Using the mountain of personal papers, journals, notebooks and scraps of paper, coctail napkins, matchbook covers and Lord knows what else that Erle Stanley Gardner left behind, the authors try to explain his phenomenal success. A fascinating insight to the man, but I’m not sure how practical the advice is for writers. Still, it’s well worth reading.

    • dwsmith

      Fun read, I agree. Worthless for writers because the authors brought all the myths to the book and fought against the truth to the point it was worthless to writers, but fun for ESG fans.

    • David Wisehart

      I really enjoyed the book.

      The value to writers is mostly in the appendices, which might prove useful for plotters and outliners.

      My key takeaway from it was something that Gardner called the “The Murderer’s Ladder,” and the advice to plot out the murder moment-by-moment from the murderer’s point of view before revealing it to the reader out of order from the detective’s point of view.

      That was an ah-ha moment for me.

  • James Palmer

    Brilliant insights into the pulp mindset. There’s always been something very blue collar about the pulp work ethic that I’ve always found appealing. These guys weren’t academics writing in a crystal garret. They were everyday joes banging out stories for rent money. There used to be a great audio recording on YouTube of Harlan Ellison talking about living and writing in New York City during the tail end of the pulp era, and all the crazy shit he had to do to make ends meet, like the time he stole a typewriter from the bullpen of an editor who owed him money and ran several blocks to pawn it.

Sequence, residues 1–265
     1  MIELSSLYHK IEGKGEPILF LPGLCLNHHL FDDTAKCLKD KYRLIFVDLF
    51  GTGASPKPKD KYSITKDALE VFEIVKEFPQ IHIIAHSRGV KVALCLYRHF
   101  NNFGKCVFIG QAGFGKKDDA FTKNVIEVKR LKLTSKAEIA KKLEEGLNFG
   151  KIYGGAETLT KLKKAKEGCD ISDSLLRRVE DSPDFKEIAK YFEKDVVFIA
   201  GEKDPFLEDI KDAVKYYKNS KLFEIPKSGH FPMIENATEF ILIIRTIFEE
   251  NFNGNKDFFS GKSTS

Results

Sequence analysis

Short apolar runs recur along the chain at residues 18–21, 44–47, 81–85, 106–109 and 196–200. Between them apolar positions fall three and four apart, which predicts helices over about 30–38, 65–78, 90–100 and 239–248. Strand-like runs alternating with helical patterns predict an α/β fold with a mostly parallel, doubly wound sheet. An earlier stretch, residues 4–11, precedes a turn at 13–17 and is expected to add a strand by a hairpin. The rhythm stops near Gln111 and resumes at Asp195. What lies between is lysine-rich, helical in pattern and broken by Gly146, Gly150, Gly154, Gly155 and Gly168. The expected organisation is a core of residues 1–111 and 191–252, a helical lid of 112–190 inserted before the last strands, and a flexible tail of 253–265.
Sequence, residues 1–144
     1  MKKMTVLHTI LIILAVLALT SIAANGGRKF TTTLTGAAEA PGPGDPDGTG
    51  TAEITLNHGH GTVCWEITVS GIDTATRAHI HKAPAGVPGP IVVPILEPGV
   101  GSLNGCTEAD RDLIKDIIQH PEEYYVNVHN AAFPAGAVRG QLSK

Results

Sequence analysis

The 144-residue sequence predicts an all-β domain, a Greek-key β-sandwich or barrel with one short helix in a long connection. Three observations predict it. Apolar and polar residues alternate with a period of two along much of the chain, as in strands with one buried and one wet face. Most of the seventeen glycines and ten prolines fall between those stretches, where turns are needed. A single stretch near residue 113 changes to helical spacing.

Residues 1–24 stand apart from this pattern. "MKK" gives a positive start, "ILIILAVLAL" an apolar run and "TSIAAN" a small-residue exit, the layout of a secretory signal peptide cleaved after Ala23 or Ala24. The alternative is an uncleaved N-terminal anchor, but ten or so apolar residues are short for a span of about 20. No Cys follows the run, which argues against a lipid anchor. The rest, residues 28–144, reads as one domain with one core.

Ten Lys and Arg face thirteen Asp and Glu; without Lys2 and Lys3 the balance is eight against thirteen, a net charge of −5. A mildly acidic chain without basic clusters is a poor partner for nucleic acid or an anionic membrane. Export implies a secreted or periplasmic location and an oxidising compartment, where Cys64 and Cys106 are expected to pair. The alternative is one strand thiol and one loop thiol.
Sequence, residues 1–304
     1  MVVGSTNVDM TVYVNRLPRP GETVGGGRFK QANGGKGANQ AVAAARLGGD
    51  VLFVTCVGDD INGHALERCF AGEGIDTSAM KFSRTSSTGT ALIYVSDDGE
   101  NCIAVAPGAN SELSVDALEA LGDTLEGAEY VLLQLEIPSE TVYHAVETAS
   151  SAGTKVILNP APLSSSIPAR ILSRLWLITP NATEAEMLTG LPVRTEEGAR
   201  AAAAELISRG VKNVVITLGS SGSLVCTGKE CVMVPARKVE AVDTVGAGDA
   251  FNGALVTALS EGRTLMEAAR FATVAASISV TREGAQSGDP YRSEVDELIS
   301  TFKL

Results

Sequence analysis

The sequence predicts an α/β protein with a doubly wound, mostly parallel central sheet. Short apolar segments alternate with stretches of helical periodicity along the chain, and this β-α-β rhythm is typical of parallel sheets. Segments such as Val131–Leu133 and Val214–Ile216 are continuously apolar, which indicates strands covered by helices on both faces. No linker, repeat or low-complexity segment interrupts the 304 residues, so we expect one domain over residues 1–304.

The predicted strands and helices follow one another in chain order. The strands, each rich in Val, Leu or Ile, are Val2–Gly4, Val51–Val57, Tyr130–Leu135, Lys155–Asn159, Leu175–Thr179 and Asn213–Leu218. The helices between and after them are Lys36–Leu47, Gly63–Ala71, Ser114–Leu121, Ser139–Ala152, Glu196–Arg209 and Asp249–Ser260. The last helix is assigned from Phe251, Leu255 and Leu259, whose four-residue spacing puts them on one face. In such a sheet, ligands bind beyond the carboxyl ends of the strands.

I think part of the reason the old pulp guys never gave a story a second thought is because each story was once and done. the medium was so disposable in those days. The cheap pulp magazines were designed to be read once and then thrown away. They didn’t know fans would hang onto them and collect them. They didn’t foresee the coming of paperbacks, which would reprint many of them. And more than a few of those writers would be absolutely mystified as to why someone would want to read their old stories today. Nowadays we know better. We can sell a story over and over again, to the point where, even if we don’t remember writing it, we should at least have a record of writing it. Because the Internet never forgets.

    Anyway, good stuff as always. I want to track down a copy of The Pulp Jungle. My local library system doesn’t have a copy, Abebooks doesn’t have it, and copies of it are going for $150-$850 on ebay. But I will find it and read it. I did find Gruber’s 11 point formula for writing mystery shorts. I love stuff like that. It’s fun trying to adapt it to different genres. Here’s the link:

    Keep on pulpin’.